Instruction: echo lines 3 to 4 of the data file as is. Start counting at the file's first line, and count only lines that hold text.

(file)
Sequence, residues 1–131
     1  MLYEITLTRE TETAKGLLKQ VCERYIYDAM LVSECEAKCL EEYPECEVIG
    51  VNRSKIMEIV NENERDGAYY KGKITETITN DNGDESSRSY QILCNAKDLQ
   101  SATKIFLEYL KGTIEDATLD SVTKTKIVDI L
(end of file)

    51  VNRSKIMEIV NENERDGAYY KGKITETITN DNGDESSRSY QILCNAKDLQ
   101  SATKIFLEYL KGTIEDATLD SVTKTKIVDI L